A Breach of Trust: Fighting Nonconsensual Pornography

Ari Ezra Waldman, New York Law School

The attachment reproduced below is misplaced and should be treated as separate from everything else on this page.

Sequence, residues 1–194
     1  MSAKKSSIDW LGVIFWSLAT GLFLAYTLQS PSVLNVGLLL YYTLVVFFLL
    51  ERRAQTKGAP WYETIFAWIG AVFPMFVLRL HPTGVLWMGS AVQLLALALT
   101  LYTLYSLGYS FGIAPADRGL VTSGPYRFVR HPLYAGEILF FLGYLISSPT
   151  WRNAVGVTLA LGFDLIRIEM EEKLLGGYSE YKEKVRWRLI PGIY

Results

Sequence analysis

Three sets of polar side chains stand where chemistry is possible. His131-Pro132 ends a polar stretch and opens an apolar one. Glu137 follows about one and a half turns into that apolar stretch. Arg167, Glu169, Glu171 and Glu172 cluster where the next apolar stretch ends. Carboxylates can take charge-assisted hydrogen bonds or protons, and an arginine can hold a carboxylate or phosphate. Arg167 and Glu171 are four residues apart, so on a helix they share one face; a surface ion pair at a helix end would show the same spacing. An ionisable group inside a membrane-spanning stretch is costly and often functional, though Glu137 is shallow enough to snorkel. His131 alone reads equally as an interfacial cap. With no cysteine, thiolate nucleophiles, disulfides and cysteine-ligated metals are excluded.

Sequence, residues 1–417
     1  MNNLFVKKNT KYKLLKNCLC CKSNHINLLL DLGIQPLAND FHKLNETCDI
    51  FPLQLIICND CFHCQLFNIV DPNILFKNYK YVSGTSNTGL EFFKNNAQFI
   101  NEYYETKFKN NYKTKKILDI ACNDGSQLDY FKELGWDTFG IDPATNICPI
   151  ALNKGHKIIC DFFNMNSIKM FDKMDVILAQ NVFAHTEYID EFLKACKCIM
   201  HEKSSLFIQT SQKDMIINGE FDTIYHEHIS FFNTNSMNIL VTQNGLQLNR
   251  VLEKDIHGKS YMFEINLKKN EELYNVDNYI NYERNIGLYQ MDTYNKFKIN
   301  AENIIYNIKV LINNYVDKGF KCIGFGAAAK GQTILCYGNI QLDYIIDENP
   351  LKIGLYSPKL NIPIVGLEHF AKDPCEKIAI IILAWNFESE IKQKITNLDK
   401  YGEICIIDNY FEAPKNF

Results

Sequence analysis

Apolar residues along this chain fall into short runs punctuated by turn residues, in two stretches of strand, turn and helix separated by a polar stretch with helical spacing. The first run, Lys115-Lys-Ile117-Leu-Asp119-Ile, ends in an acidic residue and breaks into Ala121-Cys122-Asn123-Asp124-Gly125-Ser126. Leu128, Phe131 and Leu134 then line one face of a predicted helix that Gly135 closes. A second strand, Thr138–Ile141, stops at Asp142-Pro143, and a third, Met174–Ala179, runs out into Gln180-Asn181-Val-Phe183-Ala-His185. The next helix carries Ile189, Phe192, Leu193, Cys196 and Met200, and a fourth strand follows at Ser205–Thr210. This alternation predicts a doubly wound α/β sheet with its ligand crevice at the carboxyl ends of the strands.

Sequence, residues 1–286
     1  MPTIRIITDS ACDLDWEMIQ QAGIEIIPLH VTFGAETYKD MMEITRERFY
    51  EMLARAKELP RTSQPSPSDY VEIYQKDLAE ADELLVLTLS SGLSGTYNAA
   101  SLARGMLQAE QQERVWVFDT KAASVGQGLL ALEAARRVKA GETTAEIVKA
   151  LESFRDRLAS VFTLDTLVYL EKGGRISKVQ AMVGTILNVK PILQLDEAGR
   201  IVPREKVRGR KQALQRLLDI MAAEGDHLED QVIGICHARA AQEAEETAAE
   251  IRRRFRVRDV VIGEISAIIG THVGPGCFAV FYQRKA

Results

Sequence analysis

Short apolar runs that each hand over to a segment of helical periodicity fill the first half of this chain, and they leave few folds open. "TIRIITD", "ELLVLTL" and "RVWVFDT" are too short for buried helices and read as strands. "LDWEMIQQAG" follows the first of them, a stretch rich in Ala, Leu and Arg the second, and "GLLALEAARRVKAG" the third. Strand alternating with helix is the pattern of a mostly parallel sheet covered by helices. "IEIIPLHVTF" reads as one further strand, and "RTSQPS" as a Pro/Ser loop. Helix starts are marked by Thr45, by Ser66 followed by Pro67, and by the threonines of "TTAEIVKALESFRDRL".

Nonconsensual pornography, also known as “revenge porn,” is the distribution of sexually graphic or intimate images of individuals without their consent. As scholars have argued, it is, and should be treated as, a crime. But even with a national law criminalizing nonconsensual pornography, attorneys have to get creative to provide necessary civil remedies to victims in need. This essay argues that practitioners should add the tort of breach of confidentiality to their arsenal of tools to fight nonconsensual pornography. Presenting evidence from, among other sources, a series of first-person interviews with victims of cyberharassment, this essay shows that nonconsensual pornography does violence to essential social norms of trust at the core of social interaction. As such, the tort of breach of confidentiality, which focuses on remedying breaches of trust, should be deployed to help victims of “revenge porn” obtain justice.